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mingling with those which his ineffable charity caused him to shed, as though I had been one of the happy witnesses who had come with Mary.

And, as if the words, “ Come and see,” had been addressed to me, too, I felt impelled, in my turn, to approach the tomb, and to look closely at it, to gather from it the awful and wholesome lessons that are given by death. Then, having come to this remarkable circumstance, recorded by the evangelist :-“And some of them (the Jews) said, Could not this man which opened the eyes of the blind, have caused that even this man should not have died ?” — I could not help sighing, on recognizing in it a language, alas! too common in the world which I have quitted; that language of human pride, which foolishly deems its paltry wisdom wiser than the divine wisdom !

How, my friend, shall I describe to you the effect produced in me by the all-powerful words which raised Lazarus from his sepulchre, and restored him alive to his disconsolate family!

“He (Jesus) cried with a loud voice: Lazarus, come forth. And he that was dead came forth bound hand and foot with grave-clothes: and his face was bound about with a napkin. Jesus saith unto them, Loose him and let him go.”

Ah! my dear Charles, know you not that he who writes these lines was another Lazarus, whom the same all-powerful voice had called forth from another tomb ? And could there be a place that more strongly reminded his gratitude of the miracle of mercy by which his bonds were loosed and he was restored to a new life?

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Having finished reading, and passed a few moments in meditation on the grave thoughts to which it gave rise, I began to descend. At the foot of the twentyfourth step, you come to a sort of vestibule, where stands an altar of stone, at which the Franciscan Fathers perform mass twice a year. You are obliged to stoop in descending the last six steps, after which, you find yourself in a grotto, about twenty feet long and five wide, to the left of which you see a vaulted cell : here it was that Lazarus was deposited, and that he remained four days after he was buried.

The house of Martha and Mary was at a considerable distance from the tomb of their brother. My dragoman conducted me to the spot where it is said to have stood ; I could not discover there any other vestige of a dwelling than a ruined wall.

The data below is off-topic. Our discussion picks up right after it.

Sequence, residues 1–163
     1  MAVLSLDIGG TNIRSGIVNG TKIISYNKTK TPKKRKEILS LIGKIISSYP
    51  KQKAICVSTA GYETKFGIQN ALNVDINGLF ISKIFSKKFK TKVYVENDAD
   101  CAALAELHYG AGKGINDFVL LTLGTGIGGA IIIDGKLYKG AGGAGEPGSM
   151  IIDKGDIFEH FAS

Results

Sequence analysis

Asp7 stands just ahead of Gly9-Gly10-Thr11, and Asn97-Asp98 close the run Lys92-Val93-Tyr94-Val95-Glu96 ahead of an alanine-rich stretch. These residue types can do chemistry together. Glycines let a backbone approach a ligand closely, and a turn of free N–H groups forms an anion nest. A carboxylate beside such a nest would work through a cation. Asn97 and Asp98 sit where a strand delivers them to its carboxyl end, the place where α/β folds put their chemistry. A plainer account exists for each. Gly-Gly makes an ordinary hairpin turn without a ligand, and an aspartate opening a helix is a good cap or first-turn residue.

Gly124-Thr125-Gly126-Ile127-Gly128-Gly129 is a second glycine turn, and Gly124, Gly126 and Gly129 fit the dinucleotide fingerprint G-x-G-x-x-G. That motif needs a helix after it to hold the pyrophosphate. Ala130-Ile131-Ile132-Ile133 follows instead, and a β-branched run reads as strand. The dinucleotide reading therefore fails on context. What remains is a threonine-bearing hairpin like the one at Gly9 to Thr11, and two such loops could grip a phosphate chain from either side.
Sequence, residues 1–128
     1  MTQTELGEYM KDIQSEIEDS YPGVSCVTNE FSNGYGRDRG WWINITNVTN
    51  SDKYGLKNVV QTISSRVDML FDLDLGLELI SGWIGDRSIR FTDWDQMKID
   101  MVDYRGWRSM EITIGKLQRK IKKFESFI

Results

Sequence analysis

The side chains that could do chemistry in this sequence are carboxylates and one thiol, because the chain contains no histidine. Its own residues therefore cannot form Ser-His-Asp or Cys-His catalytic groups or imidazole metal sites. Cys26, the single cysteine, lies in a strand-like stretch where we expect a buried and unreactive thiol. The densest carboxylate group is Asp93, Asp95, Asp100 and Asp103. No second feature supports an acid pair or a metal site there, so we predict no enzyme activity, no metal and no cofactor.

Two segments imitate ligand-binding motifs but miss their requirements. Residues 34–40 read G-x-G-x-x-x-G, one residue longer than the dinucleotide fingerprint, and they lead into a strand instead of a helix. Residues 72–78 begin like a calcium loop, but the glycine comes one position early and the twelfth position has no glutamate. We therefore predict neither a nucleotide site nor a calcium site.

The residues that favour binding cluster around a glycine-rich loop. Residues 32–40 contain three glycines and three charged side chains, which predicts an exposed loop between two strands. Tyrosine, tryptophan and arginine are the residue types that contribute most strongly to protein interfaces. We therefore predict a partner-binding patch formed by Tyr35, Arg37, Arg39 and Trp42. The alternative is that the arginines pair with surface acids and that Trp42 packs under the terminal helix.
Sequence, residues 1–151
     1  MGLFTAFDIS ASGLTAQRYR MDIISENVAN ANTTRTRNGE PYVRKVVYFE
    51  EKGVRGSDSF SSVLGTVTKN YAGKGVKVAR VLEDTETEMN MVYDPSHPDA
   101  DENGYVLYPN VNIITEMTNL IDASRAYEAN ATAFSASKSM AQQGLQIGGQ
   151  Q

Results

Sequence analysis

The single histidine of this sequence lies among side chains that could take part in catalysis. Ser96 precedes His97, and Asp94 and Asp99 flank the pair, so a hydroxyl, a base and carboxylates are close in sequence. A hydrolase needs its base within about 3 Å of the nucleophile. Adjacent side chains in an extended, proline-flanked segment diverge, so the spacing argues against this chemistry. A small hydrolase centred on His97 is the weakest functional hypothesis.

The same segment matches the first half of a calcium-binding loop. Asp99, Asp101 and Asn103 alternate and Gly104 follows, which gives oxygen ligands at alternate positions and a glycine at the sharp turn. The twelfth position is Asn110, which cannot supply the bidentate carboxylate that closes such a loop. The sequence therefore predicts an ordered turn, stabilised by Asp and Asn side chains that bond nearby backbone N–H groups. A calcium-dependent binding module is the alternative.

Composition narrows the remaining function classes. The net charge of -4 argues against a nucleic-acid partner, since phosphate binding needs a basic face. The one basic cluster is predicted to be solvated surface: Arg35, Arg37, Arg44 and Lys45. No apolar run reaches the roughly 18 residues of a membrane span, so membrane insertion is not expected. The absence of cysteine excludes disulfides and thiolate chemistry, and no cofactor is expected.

Thence I went to see the stone, where, according to tradition, Christ rested before he entered Bethany, when Martha, apprized of his coming, went forth to meet him. This stone is about three feet long and two wide ; it is of granite. Around it have been placed stones of less size, which serve to cause it to be remarked. The pilgrims repair to this stone, before which they kneel and pray. To prevent the injuries which their pious thefts might occasion, they are forbidden, upon pain of excommunication, to break off fragments, by means of a hammer or any other implement; but they are allowed to pick off little bits, if they can, with their nails.

On my return to Jerusalem, I passed through Bethphage, formerly a small village, the fertile fields of which subsisted part of the animals, principally lambs, destined

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for sacrifices. A few wretched huts only are left. It was from this place that Jesus sent two of his disciples to a neighbouring village, to fetch the ass on which he rode at the time of his triumphant entry into Jerusalem ; thus fulfilling the prophecy made several centuries before by Zachariah to the Jewish nation : "Tell ye the daughter of Sion, Behold thy king cometh unto thee, meek, and sitting upon an ass,” &c.

At some distance from Bethphage, I saw the spot rendered for ever horrible by the death of Judas. The remembrance of this victim of despair, who sold his master for a few pieces of money, which remorse would not allow him to enjoy, produced a most painful impression upon my soul.

The day was dull and gloomy, and served to increase the sadness and the melancholy that oppressed my heart. Seized with an inward shudder, I had scarcely courage and strength to approach this theatre of the divine vengeance;